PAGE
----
Reorienting Ransom

I meant to post my notes from last Wednesday’s second week of the Out of the Silent Planet class but work life got very hectic and then I spent most of my last three day weekend until Memorial Day playing Aardwolf. I will do better this week, I promise – notes posted by end of week at the latest.

And I discovered a feature of GoToWebinar too late, at the end of the second session, that allows me to save the current slide as an image. Going forward, I’ll capture each slide so my notes make more sense to myself and others. Of course, I always include a link to the video of the session that’s published within a day or two by Signum University (see link above or click here).

Week 2 

Read: Chapters 6-10 

 Date: January 15, 2020 

8:53 PM ~ Joined webinar, organizer has not arrived.   

9:02 AM – Webinar started, but we’re holding.   

9:07 PM – Broadcast started; 41 attendees, 1 presenter 

Two moots in February 
Spring Semester started at Signum U.   

Table of Contents

Session Slide “First Encounters” 

Just blasted off, 85k from Earth, Ransom was coping with his situation.  This begins, the meat of the entire book.  Lewis is an apologetic about the fact that one of the thing he really loves about SF as a genre, it enables . . . it’s very similar to fantasy . . . the thing they have in common is the what if games you can play.  Still generally operating under physical rules as they were understood at the time.  There is still a lot of scope for imagination.  Given a set of parameters, what might life be like on a different planet.  A lot of people dislike his spaceship.  Lewis makes no effort to explain the science behind it.  Winston refuses to answer any questions about the science behind the spaceship.  Corey thinks it’s a bit clever.  Lewis is not at all interested in the mechanism of how the spaceship travels.  He needs to be Ransom from Earth to Malacandra.  He’s very interested in the journey, he’s not interested in the motive power.  He’s interested in the experience of being in the heavens.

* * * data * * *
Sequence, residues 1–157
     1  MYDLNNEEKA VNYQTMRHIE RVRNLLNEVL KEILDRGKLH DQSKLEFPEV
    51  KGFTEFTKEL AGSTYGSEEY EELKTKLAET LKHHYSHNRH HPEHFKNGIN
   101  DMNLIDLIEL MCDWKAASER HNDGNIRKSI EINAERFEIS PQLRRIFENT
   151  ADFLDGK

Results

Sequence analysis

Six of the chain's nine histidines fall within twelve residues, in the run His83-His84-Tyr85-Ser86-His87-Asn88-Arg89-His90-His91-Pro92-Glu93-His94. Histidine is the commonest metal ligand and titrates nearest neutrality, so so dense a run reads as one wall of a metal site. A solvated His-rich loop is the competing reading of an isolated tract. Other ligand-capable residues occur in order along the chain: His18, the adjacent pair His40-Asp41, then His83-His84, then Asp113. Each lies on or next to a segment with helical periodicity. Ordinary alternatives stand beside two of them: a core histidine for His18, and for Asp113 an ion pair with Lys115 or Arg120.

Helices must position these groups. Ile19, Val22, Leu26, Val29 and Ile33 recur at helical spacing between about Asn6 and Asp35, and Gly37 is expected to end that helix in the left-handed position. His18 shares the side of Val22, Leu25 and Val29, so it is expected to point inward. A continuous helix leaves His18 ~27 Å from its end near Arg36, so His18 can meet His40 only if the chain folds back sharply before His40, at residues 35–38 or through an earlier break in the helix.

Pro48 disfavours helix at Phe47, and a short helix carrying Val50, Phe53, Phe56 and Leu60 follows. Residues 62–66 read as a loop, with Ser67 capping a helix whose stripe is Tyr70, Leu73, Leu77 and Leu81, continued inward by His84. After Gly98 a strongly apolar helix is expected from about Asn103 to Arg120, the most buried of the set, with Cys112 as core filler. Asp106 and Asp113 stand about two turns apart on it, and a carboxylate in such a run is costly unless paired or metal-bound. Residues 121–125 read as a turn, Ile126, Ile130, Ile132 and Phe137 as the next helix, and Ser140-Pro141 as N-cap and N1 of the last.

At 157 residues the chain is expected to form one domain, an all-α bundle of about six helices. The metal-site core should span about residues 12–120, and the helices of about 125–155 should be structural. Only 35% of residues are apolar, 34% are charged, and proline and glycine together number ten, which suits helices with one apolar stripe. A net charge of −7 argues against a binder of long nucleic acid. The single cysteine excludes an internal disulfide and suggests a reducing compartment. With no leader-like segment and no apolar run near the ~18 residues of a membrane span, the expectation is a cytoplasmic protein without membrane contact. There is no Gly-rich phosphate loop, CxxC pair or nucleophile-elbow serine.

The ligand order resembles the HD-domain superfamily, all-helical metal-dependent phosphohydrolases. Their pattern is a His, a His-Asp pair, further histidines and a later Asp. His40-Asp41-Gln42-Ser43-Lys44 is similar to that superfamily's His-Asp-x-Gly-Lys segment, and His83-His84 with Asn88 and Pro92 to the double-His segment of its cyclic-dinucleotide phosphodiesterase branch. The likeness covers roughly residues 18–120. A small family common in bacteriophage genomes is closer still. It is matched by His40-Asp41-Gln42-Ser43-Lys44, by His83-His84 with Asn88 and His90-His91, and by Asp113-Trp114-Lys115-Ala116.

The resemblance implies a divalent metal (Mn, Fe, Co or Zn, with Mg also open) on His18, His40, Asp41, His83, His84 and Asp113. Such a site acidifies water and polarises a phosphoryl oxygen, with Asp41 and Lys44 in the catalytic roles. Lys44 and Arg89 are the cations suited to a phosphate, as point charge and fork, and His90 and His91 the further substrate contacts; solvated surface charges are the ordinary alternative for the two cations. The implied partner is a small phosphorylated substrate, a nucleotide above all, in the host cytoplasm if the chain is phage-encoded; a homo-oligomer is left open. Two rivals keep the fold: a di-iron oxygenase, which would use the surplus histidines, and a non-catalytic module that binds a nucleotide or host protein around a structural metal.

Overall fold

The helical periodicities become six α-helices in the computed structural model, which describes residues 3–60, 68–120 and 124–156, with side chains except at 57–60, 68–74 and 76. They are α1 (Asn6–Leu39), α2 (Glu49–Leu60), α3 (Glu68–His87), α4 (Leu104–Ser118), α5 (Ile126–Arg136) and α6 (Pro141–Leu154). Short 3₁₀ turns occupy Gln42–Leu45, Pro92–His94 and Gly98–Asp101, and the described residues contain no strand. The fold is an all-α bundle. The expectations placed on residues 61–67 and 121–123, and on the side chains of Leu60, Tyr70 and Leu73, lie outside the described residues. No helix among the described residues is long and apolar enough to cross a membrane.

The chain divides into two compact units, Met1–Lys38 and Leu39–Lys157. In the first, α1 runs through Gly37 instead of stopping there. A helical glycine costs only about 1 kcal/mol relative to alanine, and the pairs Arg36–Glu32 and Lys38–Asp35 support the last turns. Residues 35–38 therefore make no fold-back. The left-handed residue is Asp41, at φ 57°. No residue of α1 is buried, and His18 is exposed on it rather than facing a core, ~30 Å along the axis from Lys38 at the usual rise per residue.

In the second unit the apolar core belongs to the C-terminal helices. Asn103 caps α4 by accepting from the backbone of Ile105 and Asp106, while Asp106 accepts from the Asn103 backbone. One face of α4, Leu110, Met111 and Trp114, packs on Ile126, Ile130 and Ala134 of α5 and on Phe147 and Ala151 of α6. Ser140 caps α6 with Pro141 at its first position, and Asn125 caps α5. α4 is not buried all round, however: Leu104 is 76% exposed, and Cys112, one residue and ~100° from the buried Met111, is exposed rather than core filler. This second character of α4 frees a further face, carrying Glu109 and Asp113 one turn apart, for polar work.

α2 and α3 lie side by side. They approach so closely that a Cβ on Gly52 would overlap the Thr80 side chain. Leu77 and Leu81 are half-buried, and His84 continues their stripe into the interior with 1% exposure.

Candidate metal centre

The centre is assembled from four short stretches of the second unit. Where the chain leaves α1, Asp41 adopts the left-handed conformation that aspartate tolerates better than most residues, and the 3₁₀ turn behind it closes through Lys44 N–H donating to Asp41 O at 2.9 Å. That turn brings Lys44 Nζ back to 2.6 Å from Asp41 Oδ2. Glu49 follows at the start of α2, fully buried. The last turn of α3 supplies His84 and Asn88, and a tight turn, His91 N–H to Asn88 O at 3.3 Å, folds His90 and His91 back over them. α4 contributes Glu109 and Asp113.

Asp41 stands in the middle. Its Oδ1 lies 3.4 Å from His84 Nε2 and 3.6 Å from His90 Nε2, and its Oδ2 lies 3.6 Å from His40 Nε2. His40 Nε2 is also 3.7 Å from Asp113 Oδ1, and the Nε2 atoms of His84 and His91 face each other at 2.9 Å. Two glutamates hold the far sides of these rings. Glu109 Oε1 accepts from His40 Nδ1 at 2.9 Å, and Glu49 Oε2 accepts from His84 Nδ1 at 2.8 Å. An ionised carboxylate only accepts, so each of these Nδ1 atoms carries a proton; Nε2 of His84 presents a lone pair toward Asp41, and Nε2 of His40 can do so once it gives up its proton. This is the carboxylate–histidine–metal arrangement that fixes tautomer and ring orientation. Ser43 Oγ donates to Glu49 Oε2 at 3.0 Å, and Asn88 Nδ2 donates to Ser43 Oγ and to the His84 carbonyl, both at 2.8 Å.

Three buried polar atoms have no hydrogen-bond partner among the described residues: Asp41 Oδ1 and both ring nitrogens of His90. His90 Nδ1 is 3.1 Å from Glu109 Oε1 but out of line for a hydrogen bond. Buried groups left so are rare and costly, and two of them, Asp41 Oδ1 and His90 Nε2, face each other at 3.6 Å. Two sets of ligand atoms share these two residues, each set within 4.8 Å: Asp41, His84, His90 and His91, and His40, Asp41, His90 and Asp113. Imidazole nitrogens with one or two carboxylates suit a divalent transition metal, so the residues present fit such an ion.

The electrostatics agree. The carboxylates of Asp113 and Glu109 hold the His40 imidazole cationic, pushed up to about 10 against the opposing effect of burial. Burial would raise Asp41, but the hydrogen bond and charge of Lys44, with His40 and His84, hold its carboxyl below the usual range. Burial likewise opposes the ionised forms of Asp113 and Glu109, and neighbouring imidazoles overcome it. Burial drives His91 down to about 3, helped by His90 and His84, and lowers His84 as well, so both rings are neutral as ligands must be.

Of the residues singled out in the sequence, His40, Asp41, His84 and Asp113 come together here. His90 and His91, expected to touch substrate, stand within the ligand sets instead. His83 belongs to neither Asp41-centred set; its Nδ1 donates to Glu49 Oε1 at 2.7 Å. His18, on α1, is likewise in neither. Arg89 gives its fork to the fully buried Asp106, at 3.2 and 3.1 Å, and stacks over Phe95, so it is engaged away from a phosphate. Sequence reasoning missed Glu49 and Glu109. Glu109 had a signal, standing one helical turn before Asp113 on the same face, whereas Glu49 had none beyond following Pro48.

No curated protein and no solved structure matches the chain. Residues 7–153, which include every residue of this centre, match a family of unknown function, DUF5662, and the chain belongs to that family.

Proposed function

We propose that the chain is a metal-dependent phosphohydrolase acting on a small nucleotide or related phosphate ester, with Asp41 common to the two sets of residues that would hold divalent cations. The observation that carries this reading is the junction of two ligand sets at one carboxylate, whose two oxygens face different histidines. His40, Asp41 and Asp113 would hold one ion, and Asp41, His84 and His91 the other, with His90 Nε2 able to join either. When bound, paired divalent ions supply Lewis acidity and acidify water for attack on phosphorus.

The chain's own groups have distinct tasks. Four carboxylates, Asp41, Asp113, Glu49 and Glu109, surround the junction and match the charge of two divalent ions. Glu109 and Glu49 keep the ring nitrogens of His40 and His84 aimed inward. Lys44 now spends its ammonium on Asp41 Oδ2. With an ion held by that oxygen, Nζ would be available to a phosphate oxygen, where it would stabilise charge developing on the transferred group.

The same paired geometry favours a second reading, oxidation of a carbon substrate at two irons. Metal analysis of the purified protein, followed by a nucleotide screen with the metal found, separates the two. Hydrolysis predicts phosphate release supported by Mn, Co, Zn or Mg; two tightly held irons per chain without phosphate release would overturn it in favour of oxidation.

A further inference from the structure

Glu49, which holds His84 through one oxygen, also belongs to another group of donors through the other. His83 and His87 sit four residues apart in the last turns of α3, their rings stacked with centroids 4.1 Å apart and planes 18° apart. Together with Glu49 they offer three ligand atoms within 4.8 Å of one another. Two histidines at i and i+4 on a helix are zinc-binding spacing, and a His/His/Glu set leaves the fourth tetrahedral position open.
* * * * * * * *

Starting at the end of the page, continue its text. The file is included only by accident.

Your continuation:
Try to figure out what the book is trying to do.  Not fair to say you don’t like this book because it’s not another book.  Lewis is no scientist.  And it was the 1930s.  It’s hard for us to enter into the full emotional experience of what the word and concept of outer space evoked in the 1930s.  Things are not the same since the moon walk.  Or after Star Trek and Star Wars.  We’ve seen so many videos of real astronauts on real spaceships.  It’s hard to put ourselves back in a place before that was common knowledge.  It’s not about guessing.  Some SF books try to do that.   

Lewis does some of that.  It’s not the science he’s interested in.  What he is interested in are two things:  space and the other planet as a framework.  He invites us to enter into this secondary world he has created.  Secondary belief in a secondary world.  In some of his essays on SF . . . one of the reasons he finds SF a genre increasing in popularity during the 20th century; Earth keeps getting smaller and smaller.  In the 15th and 16th century, you just went deep into the forest.  Then, later on, after the 18th century, you have to go to islands.  But with Verne you had to go to the Center of the Earth.   Opens vista for imagination.  Space is not the final frontier but the next logical frontier.   

Moving on to next slide at 9:22 PM 

Return to Top

Slide: “Ends and Means”

This is one of the core concepts underlying the book.  Especially in the early part where Weston is the spokesperson for this idea.  Advance of science and Progress and what this means.  Weston is an idealist.  He is not … seems fairly clear to me … Lewis is not trying to say anything in particular about physics or physicists.  Weston is not meant to be read as a caricature of a physicist.  He is the mouth piece of the modern intellectual, who believes wholeheartedly in these high ideals.  Eternity is being put into the hands of the human race to further it.